“Somewhere in the cosmos, he said, along with all the planets inhabited by humanoids, reptiloids, fishoids, walking treeoids and superintelligent shades of the colour blue…”
–Douglas Adams, The Hitchhiker’s Guide to the Galaxy
What could be more intelligent and etherial than a clever java applet like this one made by Jerry Huxtable. It’s creative and I don’t know why. Applets by their very definition are tiny, but clever programming seems to be able to give Herculean strength to those little pieces of interpreted java code. In fact, this applet has no buttons or sliders whatsoever; it starts automatically when you visit the page and the only way to turn it off is to leave. You can’t save anything or load anything, the only thing the applet needs from you is a mouseclick. This is almost as minimal as a screensaver.
I had to push the zoom button (oh, there’s a button) and then take a screenshot of the zoomed image. I had a lot of fun with this thing. Jerry, the author of the applet says, “At present there is too much variation in the child images – they often don’t bear any similarity to the parent.” But I found that to be good thing. One click and you could be jumping from one branch to another in the animal kingdom of genetic art. Other similar genetic art programs I’ve tried like Kandid suffer from the opposite problem: imagery is too monotonous. But I’m the kind of person who likes to push all the buttons and move the sliders to the very end, so a genetic art program that hops rather than walks is fine with me.
For those of you wondering what genetic art is: genetic art is imagery made by a process of combining the graphical parameters of other images to make new, hybrid ones. You breed images. If you ever wanted to grow up and live on the Island of Doctor Moreau and create a world of hideous monsters and reign supreme over them, laughing madly during the day and barricading yourself up in a fortress during the night while your insane brood prowls and parades their grotesque and abominable lives to the accompaniment to a bloodchilling symphony of screams beneath the light of the moon… Well, try playing with genetic art instead.
These are rough hewn images; torn from the Earth and spilled from the test tube. I like them. There’s an artyness to them. Good art doesn’t have to be great art. There’s the smell of flowers and then there’s the smell of old air freshener. Which one is more provocative? More suggestive of genetic speculation and mutative properties?
What about the applet? How does it work and what’s it all about? In Jerry’s own words (and the site is offline at the moment):
This applet lets you create art using a genetic algorithm. It generates a random mathematical function and displays an image representing the function in the centre square. It also generates twelve random variations on the image, displayed in the squares around the outside. Click on the centre square to create new variations, or on one of the small images to move that image to the centre and create variations on it. Press the “Zoom” button to see the centre image displayed larger in a new window. Press the “Tree” button to show or hide the function tree (or at least as much as will fit) of the centre function.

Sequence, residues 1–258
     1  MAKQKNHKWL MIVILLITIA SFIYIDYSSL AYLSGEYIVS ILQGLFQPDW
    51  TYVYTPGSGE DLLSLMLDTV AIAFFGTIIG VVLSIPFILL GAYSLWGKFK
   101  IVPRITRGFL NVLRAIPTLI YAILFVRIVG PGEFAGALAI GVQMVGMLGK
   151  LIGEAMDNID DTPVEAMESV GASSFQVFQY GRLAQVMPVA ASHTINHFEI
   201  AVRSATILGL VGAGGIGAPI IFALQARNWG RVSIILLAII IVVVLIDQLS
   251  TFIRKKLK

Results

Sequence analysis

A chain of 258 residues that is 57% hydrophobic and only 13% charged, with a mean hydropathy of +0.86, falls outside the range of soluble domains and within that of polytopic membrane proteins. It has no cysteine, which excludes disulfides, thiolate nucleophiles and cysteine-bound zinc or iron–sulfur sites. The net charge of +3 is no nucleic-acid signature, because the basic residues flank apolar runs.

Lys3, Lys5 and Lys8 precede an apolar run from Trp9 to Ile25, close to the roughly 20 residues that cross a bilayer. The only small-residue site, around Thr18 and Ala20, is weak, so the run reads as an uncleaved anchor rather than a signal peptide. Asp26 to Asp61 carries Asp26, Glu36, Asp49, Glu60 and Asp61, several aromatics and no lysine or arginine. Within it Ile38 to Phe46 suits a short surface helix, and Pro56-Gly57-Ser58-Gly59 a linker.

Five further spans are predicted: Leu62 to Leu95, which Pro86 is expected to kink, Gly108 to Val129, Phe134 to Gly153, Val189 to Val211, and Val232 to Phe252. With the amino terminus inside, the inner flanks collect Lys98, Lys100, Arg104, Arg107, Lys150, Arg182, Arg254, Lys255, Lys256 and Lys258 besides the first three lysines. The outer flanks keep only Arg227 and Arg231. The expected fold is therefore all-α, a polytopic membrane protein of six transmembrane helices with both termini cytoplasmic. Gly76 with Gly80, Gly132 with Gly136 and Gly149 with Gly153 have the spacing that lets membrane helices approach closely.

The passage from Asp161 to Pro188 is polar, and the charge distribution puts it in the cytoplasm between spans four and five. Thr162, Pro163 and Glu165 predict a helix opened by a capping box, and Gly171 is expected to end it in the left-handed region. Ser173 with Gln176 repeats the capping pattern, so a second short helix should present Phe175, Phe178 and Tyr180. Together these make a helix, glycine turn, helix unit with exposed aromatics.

See a gallery of pictures created with this applet.
This applet is (like all my stuff) still under development. At present there is too much variation in the child images – they often don’t bear any similarity to the parent. There’s a lot of tweaking of parameters to be done to get the mutation rate right. Other things which need to be done are to implement crossover between images and determine a good mix of mathematical functions to choose from. There should also be a way to save your art.
How does it work?
The applet builds a tree representing a mathematical function, with one node per function, leaf nodes being variables such as X, or Y, or numbers. This function is then randomly called to determine its probable range and then normalized to that range so you actually get valid colors. The function is then called for every pixel in the image to calculate the color of the pixel. There are two sorts of node: color nodes and numeric nodes. A color node returns a color when evaluated, a numeric node returns a numeric value. The root node is always a color node, but nodes below this will usually be numeric. For example, one sort of color node calls three numeric nodes to determine the red, green and blue components. Another calls a single numeric node and looks the result up in a color map. The mysterious “N” function you may see is a normalising function which samples its child function to determine its likely range and normalises it to between 0 and 1.
Mutation is done by traversing the tree and probabilistically changing parameters or type of a node or by pruning the tree at any point and replacing the pruned part with a new random subtree.
All you need to know is click on something. Even the current image in the center can be clicked on to, uh, –breed it with itself. See how weird this gets? If things start to get really ugly then just click on any of the outer images that look completely unlike the center one, or just refresh the page in your browser which will re-initiate the applet, kill all it’s children, clean up the lab and allow you to start all over again. C’mon, it’s not murder if you’re wearing a lab coat. I forget who said that. Doctor somebody…
Enough of that. Let’s get to the art. Here are a few of my favorite things…